by Lucia Tvrz

We need a paradigm shift

Businesses must find better ways to thrive

To remain competitive in today's tough economic climate, businesses need to think out of the box.

The economy, social issues and lack of job creation has impacted current businesses in such a way that new solutions on how to conduct business, and remain competitive should be a key focus for all businesses.

This is the view of Dr Steyn Heckroodt, a University of Stellenbosch Business School PhD and MBA alumnus, who recently spoke at the USB Leader’s Angle* talk series.

According to Heckroodt, customers have become more and more demanding and businesses therefore need to change the lens through which they look at their industry’s environment, as well as the strategies originated from their own perceptions about their environment.

“Businesses need to understand that the key to staying relevant is to be innovative, flexible and ready for change. The trick is to be able to give the customer what they want all the time, not only now," Heckroodt said.

Heckroodt refers to when United States President, Barack Obama, ran for the presidency for the first time and his campaign opponent, Sarah Palin, wore a pair of spectacles during a speech and by the following day, everyone in Japan wanted the same spectacles.

“Businesses were amazed that so many people in Japan would want the same spectacles as Sarah Palin and many didn’t forecast for the demand.

"However, a few days later several of the largest spectacle productions in Japan produced these spectacles and in doing so made a considerable profit.

“Companies such as these don’t spend their money trying to predict the future, instead they devise a structure that is flexible.

"As in the Sarah Palin example, the companies were able to give customers what they wanted because they allowed for their production facilities to produce square lenses in addition to round ones, just in case the market changed.

They were flexible, as they realised it is impossible to know what the customer would demand tomorrow.”

Heckroodt says when business leaders scan the environment they need to look at it through other people’s lenses.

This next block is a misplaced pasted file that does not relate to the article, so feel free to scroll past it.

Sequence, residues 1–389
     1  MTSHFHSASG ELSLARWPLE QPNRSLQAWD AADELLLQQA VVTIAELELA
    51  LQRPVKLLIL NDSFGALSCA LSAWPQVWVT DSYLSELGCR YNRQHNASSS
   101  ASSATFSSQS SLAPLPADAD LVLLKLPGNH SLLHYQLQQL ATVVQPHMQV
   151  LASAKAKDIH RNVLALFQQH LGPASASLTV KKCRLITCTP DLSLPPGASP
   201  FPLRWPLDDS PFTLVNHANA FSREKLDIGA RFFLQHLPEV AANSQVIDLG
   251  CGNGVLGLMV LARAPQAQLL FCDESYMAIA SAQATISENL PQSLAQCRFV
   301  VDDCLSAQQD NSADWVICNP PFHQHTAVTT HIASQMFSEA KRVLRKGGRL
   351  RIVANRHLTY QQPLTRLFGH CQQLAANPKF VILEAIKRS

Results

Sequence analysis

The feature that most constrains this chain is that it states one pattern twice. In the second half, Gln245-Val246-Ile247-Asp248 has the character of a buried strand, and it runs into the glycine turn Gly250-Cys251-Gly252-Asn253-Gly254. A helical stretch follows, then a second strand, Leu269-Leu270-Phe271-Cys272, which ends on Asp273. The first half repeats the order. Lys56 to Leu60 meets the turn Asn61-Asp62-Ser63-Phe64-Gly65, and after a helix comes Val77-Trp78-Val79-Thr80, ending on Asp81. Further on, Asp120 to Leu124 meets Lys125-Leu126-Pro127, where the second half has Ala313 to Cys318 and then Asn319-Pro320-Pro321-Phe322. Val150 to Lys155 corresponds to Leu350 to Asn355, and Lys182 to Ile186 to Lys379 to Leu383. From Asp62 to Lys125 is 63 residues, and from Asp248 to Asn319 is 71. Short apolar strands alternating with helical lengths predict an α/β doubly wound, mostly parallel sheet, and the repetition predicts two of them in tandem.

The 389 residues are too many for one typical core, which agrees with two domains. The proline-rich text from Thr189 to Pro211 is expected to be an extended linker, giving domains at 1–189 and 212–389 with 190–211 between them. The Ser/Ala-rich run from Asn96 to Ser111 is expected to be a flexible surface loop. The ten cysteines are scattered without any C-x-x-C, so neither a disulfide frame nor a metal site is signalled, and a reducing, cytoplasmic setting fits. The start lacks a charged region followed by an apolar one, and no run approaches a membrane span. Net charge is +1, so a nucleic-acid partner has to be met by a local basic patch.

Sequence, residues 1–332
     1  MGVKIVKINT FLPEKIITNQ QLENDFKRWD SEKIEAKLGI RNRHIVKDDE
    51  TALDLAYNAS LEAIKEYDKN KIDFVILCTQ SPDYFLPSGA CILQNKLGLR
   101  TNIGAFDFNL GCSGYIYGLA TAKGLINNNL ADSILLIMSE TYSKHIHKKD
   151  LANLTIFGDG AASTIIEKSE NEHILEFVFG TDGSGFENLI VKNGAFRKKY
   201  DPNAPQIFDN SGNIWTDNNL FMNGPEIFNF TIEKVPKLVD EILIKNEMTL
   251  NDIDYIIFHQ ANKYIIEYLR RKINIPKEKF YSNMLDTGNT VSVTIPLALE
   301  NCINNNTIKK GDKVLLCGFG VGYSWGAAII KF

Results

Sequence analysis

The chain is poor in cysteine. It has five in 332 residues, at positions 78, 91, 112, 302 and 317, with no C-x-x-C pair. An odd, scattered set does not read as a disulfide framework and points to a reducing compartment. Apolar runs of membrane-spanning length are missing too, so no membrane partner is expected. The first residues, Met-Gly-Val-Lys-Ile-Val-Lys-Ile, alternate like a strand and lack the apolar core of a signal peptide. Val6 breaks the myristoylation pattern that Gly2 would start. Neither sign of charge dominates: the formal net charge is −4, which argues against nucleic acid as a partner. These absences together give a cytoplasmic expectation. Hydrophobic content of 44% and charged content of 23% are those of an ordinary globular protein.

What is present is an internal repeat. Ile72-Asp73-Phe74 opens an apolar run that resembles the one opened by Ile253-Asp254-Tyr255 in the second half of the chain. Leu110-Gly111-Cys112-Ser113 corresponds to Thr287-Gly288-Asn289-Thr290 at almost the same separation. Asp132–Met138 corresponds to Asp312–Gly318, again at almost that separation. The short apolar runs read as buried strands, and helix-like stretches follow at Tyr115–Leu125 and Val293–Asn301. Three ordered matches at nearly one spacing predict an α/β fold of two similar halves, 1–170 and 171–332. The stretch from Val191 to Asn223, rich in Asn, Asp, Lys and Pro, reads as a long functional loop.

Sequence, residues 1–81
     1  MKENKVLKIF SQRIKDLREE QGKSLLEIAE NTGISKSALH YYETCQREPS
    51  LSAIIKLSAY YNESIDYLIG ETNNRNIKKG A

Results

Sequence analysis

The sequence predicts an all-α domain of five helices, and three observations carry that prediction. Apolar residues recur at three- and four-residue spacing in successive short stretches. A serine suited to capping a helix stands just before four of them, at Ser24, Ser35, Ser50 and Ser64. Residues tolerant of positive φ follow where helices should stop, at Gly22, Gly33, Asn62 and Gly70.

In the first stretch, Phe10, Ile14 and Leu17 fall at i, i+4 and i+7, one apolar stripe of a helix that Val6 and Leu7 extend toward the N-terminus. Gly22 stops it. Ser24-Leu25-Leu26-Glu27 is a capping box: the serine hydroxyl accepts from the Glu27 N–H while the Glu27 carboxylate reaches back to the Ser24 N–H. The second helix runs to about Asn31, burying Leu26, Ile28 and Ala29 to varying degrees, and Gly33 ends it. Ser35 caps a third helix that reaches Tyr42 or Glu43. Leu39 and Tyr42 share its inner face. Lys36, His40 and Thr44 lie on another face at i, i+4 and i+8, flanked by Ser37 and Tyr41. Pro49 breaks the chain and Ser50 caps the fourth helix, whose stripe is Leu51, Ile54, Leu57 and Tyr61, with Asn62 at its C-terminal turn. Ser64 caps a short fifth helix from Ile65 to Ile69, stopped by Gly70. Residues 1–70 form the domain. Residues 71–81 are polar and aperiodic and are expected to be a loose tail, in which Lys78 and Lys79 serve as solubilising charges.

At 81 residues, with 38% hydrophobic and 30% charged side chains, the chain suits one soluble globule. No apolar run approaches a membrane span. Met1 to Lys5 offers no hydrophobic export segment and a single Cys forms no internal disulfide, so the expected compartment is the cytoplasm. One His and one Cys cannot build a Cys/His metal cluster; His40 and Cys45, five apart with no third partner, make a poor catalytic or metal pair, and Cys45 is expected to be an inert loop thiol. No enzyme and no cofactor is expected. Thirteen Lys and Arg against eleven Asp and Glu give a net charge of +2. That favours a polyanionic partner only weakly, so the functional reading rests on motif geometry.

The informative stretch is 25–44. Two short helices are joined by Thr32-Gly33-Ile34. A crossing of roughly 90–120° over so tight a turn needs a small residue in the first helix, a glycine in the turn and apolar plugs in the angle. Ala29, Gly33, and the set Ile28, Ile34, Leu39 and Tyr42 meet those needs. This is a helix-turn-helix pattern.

“Different people have different perceptions because of these different lenses. By understanding their environment better, businesses will have a higher chance of sustaining their competitive edge.

“The recent strikes in the winelands, for example, demonstrated that farmers and workers look at the world through different lenses, which is why they don’t understand each other’s views.

While a farmer provides additional services to a worker such as housing and schooling, the worker’s primary concern is survival. The farmer finds it difficult to understand the unhappiness of the worker,

According to Heckroodt, if a company is looking to change its business strategy, the starting point is to scan the environments (for example the internal business, the market environment and the outer environment, the latter being out of his control).

The second step is to gather information with the objective to sustain the business. Different scenarios will present themselves, on the basis of which a strategy is selected. For a business to keep its doors open, it has to be able to continually adapt and change.

*Leader’s Angle is an event series hosted by the USB that features CEOs of leading companies in South Africa and abroad, opinion leaders from various industries, academics and other specialists who speak on a variety of business topics. To find out how you can attend the USB Leader’s Angle talk series throughout the year, please call +27 (0)21 918 4242, or visit for more information. 

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Issue 90


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